Blazin’ Etudes – Hack A Sat 3 Quals (2022) – Writeup

(If you just want the solution, and not the story, skip down to “Emulating MLIL on z3”)


This year was Samurai’s third time playing Hack A Sat’s (HAS) quals round. The first time we played, we qualified for finals. Year 2, we didn’t qualify. So this year we were hoping to qualify again. I personally wasn’t super involved in the first year, and only a bit involved last year (I don’t think the weekends lined up super great for me), but I was interested to take a shot at it this year and hopefully qualify!

Blazin’ Etudes was the third of a series of microblaze reversing challenges, released on the last day of the competition (Sunday). In order to properly appreciate it, we should briefly look at the preceding challenges.

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Reversing and exploiting a program running in an undocumented VM

DEF CON CTF 2021 Quals baby-a-fallen-lap-ray writeup

disassembled shellcode



This weekend, Samurai played the DEF CON CTF Qualifier event. We had a great time playing; much thanks to the organizers for putting on a great event! Many thanks to my teammates, it was awesome playing with you all!

One of the challenges this weekend was called baby-a-fallen-lap-ray. It was categorized as a pwn challenge, and it made a comment about being ‘the return of the parallel machine (or is it?)’.

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CSAW CTF Finals 2018 – Wic Wac Woe 1 writeup


I had the opportunity to compete in the CSAW CTF Finals 2018 for a second year in a row, with the UMBC Cyber Dawgs. It was a lot of fun, despite our somewhat lackluster finish in 10th place. I learned a lot. For instance, in this challenge, I learned how to exploit a Use-After-Free vulnerability (in WebAssembly no doubt!).


WASM is the future of the web! JS devs will be writting c++, what could go wrong?.

This debugger might help kinda shrug emoji

Written by itszn, Ret2 Systems

HINT: You can get source via / and /test.cpp

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CSAW CTF Finals 2017 – KWS 1 Writeup


I recently had the opportunity to compete in the CSAW CTF Finals with the UMBC Cyber Dawgs. It was an amazing competition; the organizers were awesome and did a great job. We placed 7th in North America, by the way :)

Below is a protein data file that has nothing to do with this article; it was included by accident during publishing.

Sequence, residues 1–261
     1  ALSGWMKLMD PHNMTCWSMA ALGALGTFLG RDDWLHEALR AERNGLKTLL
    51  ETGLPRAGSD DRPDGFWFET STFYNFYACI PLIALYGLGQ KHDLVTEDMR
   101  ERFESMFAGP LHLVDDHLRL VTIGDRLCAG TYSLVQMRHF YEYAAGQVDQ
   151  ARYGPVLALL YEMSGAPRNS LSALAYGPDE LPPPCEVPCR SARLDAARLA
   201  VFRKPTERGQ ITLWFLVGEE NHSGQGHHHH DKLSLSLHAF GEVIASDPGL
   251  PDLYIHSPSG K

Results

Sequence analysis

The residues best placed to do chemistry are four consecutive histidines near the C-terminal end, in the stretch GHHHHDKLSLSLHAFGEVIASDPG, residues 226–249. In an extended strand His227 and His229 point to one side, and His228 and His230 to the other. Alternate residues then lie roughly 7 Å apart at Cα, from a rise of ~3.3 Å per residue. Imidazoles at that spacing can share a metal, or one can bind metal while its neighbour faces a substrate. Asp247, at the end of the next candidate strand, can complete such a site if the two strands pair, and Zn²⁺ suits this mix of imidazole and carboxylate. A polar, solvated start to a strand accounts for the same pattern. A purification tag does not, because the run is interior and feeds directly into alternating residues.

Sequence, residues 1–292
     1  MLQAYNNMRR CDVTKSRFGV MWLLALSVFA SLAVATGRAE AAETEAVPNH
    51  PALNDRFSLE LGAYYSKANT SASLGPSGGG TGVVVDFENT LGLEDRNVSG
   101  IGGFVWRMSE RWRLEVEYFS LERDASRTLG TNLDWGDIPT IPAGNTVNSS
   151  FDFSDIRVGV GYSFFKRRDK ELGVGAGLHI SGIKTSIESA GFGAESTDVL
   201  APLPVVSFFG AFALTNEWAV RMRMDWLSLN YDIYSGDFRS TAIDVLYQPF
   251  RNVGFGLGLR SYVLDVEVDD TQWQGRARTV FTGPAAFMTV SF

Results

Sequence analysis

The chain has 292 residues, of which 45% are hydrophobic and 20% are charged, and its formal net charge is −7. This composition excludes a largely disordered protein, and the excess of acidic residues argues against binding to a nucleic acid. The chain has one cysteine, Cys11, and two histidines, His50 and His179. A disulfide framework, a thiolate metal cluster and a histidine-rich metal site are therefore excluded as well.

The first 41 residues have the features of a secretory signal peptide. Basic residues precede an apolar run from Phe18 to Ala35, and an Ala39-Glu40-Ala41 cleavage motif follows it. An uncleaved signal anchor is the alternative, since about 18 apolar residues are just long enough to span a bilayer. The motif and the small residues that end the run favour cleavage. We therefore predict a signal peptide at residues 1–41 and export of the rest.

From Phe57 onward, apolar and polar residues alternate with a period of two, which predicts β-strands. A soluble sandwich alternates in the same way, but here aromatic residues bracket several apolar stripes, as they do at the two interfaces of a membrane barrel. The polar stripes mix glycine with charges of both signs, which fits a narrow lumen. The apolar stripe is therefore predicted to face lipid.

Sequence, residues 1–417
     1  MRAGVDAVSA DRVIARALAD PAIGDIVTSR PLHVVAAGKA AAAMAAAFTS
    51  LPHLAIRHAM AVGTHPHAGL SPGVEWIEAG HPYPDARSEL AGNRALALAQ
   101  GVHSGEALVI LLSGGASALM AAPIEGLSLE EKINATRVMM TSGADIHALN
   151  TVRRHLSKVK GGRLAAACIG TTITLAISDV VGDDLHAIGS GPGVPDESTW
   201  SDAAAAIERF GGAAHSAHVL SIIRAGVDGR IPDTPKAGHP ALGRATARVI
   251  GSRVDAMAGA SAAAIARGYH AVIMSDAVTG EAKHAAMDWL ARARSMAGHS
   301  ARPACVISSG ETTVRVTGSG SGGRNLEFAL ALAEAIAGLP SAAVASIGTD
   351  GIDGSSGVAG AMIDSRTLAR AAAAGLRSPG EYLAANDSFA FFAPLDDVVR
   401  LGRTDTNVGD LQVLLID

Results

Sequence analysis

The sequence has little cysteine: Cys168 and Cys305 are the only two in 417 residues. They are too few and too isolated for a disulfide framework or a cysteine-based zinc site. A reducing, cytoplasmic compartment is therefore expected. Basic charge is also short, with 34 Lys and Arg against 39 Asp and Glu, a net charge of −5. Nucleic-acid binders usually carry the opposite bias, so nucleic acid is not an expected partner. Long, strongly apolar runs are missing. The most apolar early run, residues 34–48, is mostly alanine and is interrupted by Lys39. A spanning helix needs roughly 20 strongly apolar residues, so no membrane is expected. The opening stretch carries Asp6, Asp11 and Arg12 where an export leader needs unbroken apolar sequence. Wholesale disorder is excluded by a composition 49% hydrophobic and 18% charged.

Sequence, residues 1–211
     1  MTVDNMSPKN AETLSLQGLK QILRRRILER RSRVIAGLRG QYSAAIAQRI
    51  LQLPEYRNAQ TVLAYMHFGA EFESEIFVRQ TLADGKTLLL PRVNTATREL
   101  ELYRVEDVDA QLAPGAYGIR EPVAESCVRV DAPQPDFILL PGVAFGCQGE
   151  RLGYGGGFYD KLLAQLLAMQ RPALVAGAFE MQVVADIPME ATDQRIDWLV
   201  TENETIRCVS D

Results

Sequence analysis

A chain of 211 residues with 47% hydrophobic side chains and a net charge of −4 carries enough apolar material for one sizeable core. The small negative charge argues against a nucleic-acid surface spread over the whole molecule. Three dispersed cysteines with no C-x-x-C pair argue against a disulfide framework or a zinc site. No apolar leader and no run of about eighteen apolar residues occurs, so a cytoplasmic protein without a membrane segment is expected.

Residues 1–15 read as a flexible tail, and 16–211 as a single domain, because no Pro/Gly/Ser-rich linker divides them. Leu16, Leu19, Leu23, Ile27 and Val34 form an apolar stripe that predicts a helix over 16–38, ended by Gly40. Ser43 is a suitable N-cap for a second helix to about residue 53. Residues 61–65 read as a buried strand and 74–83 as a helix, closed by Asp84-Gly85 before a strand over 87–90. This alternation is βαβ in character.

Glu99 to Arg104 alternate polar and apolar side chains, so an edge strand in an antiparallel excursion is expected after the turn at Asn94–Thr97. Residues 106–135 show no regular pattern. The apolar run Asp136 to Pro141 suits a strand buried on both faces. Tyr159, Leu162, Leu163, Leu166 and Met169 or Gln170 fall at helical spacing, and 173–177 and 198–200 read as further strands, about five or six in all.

If you’ve never heard of CSAW before, it’s a huge student-run security conference/competition. We played in the CTF, or capture-the-flag competition. I would consider one of the best undergraduate-level CTF competitions. CSAW CTF is a jeopardy style competition in which you have a board of challenges, and you get points for solving them. You solve the challenge by hacking at it until it gives you a flag of the form flag{th1s_i5_a_f1@g}, which you enter into the scoreboard to receive points. Team with the most points wins.

I’ll be publishing a couple writeups about how we solved some of the challenges; this is the first one.


We developed a much better alternative to AWS. Our high-performance kernel
driver gives us unparalleled speed of execution. And we're super-secure!

NOTE: Login with your CTFd credentials.

NOTE: This might take a minute to start up the first time you login. Please be

NOTE: There may be ways to poke at other teams' boxes. Don't do that, it is not
part of the challenge.

NOTE: If you have issues with your instance, try logging out of the KWS
interface, and logging back in.

NOTE: Sorry for all of the notes :P

Author: itszn, Ret2 Systems


We begin by visiting the provided URL and we’re greeted with a dashboard. We have 1 KWS "instance" (lol), and we have the ability to store new JSON objects by name. So we have a key-value store of some sort.

We do some inspection of traffic (I use the Firefox DevTools), and we can see some requests to the API, and we see some requests to http://some.ip.ip.ip/action. We notice they are all POST requests, and they have a JSON payload of the form

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Why I generated a GPG Key